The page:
Expert Talk: Code Refactoring
When do you refactor your code? Learn from Christian Clausen, author of "Five Lines of Code" and Adam Tornhill, author of "Your Code As A Crime Scene" and "Software Design X-Rays” how to analyze your code to understand its need for refactoring. Furthermore, gain an understanding of the social side of refactoring and its implications.
Christian Clausen: Hello, welcome to the GOTO office. My name is Christian Clausen. I'm the author of the book "Five Lines of Code" about refactoring. And I'm here with Adam Tornhill.
Adam Tornhill: Hi, everyone. I'm Adam Tornhill. My background, I have a degree in engineering and psychology. And what I do these days is pretty much trying to combine these two perspectives. I've written a couple of books about it. "Your Code As A Crime Scene" and "Software Design X-Rays."
Christian Clausen: Yes. They are great books also. I wanted to talk to you about this social side of tech I heard you talk about. Also because your take on refactoring and code quality and stuff is entirely new to me, at least I've never seen anyone do forensic analysis, which is interesting. So maybe you could start by saying something about that.
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Adam Tornhill: Sure. I think it's a perspective that we need to talk much more about. Because one thing quickly learned is that there is so much more to code complexity than just the code itself. We have this whole social dimension, like the current team, are they familiar with the code? And to me, one of the great tragedies of software design is that organization that builds the code, they're actually invisible in the code itself, right? We cannot pick up a piece of code and say, is this a major coordination bottleneck for five feature teams? Or is it a module that's written by just one developer? So we have a massive key personnel dependency. That dimension is simply missing.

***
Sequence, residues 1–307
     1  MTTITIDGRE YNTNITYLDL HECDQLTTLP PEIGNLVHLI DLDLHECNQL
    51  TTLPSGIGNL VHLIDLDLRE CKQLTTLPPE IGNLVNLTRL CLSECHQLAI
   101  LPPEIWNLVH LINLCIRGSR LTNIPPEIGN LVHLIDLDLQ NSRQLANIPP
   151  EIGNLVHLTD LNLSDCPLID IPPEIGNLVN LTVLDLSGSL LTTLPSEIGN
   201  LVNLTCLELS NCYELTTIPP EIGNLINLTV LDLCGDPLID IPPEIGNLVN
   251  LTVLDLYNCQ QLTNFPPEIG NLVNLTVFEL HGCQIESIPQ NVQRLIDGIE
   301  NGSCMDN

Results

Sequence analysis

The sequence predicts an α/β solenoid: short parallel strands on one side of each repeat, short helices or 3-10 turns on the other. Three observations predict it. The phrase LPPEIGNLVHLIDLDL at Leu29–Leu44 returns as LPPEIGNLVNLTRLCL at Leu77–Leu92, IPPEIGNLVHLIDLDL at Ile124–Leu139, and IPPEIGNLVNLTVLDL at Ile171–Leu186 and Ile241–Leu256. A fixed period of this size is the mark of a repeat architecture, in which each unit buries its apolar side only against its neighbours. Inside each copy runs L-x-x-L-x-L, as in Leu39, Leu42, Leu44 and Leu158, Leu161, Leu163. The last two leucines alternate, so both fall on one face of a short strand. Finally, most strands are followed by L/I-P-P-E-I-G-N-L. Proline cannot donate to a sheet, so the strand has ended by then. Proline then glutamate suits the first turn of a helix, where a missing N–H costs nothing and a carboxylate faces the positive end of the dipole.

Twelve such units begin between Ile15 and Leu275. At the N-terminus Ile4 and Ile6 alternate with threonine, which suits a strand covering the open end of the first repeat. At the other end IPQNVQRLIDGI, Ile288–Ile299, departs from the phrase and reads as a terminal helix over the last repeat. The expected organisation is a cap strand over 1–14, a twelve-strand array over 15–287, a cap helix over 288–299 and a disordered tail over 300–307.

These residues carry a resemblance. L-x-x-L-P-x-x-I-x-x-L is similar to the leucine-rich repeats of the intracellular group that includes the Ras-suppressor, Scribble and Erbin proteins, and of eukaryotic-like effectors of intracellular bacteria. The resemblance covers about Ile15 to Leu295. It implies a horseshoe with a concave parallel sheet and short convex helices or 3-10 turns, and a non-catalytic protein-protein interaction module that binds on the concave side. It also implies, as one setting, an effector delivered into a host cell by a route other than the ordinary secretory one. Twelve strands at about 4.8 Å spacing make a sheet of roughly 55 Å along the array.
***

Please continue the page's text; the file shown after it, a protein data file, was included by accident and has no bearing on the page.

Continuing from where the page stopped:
Christian Clausen: Definitely. And there is so much about the social part of the code. It's humans working with the code, and it's them who need to refactor it, and there are managers, and there are all of these different things. Actually, about the manager, it was a very interesting thing when I was seeing your talk earlier, that you have these yellow, red, and green categories for code. And then you can use this to show to managers to say, "Look, we have all these red parts, and that's bad. We want all these green parts." What I would expect to happen in that case from the managers I've met in my career is a race to yellow, right? They don't want to be the worst. They don't want to be green, either. That seems wasteful, right? Or at least that's my experience.